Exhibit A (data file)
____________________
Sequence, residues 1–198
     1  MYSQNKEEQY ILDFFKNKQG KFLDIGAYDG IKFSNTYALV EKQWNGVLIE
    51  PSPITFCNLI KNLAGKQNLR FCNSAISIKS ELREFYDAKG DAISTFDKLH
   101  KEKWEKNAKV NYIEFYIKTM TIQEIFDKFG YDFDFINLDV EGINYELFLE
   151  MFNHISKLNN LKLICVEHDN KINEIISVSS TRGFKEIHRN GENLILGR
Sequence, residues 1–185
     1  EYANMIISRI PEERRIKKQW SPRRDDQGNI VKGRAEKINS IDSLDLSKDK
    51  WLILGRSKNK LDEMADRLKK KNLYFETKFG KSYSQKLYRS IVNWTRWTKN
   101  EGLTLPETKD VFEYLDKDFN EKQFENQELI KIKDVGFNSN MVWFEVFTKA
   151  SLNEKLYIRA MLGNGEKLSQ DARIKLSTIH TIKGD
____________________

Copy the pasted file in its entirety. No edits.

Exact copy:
Sequence, residues 1–198
     1  MYSQNKEEQY ILDFFKNKQG KFLDIGAYDG IKFSNTYALV EKQWNGVLIE
    51  PSPITFCNLI KNLAGKQNLR FCNSAISIKS ELREFYDAKG DAISTFDKLH
   101  KEKWEKNAKV NYIEFYIKTM TIQEIFDKFG YDFDFINLDV EGINYELFLE
   151  MFNHISKLNN LKLICVEHDN KINEIISVSS TRGFKEIHRN GENLILGR
Sequence, residues 1–185
     1  EYANMIISRI PEERRIKKQW SPRRDDQGNI VKGRAEKINS IDSLDLSKDK
    51  WLILGRSKNK LDEMADRLKK KNLYFETKFG KSYSQKLYRS IVNWTRWTKN
   101  EGLTLPETKD VFEYLDKDFN EKQFENQELI KIKDVGFNSN MVWFEVFTKA
   151  SLNEKLYIRA MLGNGEKLSQ DARIKLSTIH TIKGD